Friday, December 7, 2007

A Unique Beauty

I am not hitting the internet as often as I thought I would since we have been in the states. We are in the car a lot of the time and Marc and I are sharing a computer, his computer.

When I moved to Illinois three years ago, I could look around and see it was flat, very flat. After living in the mountains and coming back to Illinois, it seems to me that the flat farmland became even flatter in the last two months. I have always loved driving through the Illinois farmland. The past few days were no exception. We rode along and saw miles and miles of flat, flat farmland. The only things we saw scraping the sky was an occasional silver-domed silo and furiously spinning windmills. Smoke was curling from the chimneys of the white wooden farmhouses. Even the cattle were huddled together trying to wind a refuge from the bitterly cold wind. The stubbled cornfields were patiently waiting to be plowed again. I silently rode along, intently studying the tranquil landscape before me. Only God paint this flat country into something uniquely beautiful.

As we drove south into Tennessee, there was still some fall foliage clinging tightly to the tree tops. I really did miss the beautiful fall colors of the midwest this year. I was fortunate to glimpse the last of the color.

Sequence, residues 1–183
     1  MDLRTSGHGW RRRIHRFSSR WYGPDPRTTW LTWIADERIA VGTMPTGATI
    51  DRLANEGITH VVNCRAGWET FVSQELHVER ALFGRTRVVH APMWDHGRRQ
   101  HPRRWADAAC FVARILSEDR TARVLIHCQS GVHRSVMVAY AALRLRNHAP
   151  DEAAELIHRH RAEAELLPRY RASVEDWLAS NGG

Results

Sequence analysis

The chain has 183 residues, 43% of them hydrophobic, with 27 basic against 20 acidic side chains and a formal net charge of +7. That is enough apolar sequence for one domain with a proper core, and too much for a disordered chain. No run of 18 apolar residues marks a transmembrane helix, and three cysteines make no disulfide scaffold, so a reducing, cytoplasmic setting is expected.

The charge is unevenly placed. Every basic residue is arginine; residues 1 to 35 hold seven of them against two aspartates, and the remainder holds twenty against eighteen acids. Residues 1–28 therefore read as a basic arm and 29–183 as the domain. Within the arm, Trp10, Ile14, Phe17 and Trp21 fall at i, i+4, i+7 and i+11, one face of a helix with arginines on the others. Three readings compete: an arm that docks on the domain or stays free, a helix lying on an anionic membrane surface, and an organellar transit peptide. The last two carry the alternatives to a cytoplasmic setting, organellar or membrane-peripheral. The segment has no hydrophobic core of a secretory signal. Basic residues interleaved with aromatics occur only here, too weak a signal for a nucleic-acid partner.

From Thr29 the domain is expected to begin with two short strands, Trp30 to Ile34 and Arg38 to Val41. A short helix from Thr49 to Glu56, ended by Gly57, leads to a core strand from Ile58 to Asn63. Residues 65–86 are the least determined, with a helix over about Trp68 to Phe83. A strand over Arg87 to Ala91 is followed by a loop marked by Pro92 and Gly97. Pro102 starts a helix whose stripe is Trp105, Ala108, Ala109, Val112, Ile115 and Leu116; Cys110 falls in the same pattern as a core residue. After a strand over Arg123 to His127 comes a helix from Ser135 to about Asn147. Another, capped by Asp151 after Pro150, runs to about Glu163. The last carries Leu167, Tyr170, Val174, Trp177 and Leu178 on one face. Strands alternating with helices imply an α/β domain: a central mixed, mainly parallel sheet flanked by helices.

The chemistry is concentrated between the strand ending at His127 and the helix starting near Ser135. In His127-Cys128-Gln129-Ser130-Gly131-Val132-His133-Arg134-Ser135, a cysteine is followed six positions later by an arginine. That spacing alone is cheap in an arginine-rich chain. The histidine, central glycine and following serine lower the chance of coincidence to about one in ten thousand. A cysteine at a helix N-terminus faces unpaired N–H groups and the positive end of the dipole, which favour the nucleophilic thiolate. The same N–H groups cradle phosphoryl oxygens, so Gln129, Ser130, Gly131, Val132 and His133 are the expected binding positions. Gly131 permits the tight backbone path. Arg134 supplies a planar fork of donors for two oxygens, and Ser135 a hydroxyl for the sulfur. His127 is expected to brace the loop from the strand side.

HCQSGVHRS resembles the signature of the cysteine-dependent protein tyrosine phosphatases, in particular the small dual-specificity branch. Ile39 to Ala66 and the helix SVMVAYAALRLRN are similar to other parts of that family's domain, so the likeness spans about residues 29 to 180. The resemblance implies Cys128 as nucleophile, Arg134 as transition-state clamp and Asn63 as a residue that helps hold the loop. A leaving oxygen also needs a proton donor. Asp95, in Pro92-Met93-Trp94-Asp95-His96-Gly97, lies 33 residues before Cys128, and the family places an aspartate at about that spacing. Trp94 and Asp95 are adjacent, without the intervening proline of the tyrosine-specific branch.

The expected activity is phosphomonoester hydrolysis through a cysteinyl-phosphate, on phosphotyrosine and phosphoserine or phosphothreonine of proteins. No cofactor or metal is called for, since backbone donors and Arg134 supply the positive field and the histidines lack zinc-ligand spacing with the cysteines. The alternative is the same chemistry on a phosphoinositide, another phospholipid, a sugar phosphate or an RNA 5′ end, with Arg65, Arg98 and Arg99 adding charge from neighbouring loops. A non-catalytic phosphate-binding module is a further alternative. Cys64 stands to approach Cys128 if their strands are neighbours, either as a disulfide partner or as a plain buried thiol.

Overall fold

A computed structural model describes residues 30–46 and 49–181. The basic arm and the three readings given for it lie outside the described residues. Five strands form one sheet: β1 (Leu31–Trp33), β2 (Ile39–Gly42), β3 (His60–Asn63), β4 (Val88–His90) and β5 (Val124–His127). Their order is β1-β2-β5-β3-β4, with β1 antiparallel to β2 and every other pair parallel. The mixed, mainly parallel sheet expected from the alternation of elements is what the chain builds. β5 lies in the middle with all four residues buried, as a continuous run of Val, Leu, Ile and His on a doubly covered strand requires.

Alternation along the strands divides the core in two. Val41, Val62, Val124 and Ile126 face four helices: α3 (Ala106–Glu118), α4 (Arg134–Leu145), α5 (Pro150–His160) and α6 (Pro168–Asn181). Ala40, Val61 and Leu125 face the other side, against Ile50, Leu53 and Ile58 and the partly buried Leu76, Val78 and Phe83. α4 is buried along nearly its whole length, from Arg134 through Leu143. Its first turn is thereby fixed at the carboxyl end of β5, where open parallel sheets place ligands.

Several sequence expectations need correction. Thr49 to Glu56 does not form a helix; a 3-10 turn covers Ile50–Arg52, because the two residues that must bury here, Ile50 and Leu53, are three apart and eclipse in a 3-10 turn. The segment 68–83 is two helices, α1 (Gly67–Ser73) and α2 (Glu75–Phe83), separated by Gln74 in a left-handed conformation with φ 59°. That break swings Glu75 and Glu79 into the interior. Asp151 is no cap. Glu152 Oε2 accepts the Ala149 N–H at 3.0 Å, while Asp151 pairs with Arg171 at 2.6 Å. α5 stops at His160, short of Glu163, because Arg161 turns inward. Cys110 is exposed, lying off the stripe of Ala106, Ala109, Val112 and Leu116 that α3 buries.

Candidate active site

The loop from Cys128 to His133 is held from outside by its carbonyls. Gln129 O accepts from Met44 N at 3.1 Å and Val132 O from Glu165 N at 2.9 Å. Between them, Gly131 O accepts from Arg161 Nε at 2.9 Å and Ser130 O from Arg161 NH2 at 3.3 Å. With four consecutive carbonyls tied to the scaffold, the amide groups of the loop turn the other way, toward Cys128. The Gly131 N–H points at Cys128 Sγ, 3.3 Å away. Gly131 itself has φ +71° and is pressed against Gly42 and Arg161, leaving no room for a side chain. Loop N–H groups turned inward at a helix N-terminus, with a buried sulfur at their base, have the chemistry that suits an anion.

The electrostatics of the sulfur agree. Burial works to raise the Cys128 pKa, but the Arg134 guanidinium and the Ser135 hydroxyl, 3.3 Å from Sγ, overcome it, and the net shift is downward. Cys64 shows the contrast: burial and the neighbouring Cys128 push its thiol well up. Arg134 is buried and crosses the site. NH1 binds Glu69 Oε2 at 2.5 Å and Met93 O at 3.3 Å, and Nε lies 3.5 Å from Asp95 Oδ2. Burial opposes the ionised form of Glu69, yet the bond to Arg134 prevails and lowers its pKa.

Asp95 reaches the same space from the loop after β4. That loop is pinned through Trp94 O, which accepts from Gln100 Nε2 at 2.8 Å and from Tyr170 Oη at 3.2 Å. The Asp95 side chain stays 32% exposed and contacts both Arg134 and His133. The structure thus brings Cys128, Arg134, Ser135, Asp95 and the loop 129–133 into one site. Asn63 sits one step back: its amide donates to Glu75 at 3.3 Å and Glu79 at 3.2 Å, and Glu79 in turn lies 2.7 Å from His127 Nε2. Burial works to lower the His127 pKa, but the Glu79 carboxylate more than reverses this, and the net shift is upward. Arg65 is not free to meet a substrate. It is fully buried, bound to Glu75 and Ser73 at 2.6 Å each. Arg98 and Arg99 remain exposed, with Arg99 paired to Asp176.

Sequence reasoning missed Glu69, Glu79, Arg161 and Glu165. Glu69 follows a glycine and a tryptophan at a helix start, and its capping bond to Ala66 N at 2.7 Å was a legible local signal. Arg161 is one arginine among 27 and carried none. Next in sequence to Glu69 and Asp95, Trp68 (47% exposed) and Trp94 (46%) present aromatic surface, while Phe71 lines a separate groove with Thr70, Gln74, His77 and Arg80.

I began to realize that God gave each part of this country and each part of Honduras and each part of every country some unique beauty, if we only choose to open our eyes and see that beauty. I hope you see something beautiful where you are today.


Monday, December 3, 2007

Our House

After a long travel day on Friday, we finally arrived in Searcy around 12:45 a.m. Saturday. The kids wanted to do Thanksgiving so Nicole and I got up at 6:00 and cooked all day. We sent Matt to Wal-Mart at 6:15 for the first forgotten item on the grocery list. Around 10:00, Nathan, Julia and Camille showed up and Camille hit the door running, saying "Grammy, my grammy." Just what Grammy needed to hear. Of course, being the grandmother, everything Camile said and did was the cutest, sweetest and smartest. We had a great time and a great meal with our kids.
We went to early church with Matt and Nicole at Downtown Church of Christ and left a few minutes before church was over to go to Sunday school at College with Nathan and Julia. After lunch, we left for Fairview Heights. The temperature was 69 when we left Searcy, with it falling as we drove north, and dipping into the 30's before we reached St. Louis. Even though it was quite cold outside, inside we found a warmth that comes from being with friends. Marc did an excellent job, as usual,preaching last night. This morning, we finalized details on leasing our house for the next 3 years. God is good...all the time. What a relief to have that done. And yes, I have managed to hit Wal-Mart every day since being in the states. Thanks for your prayers as we travel.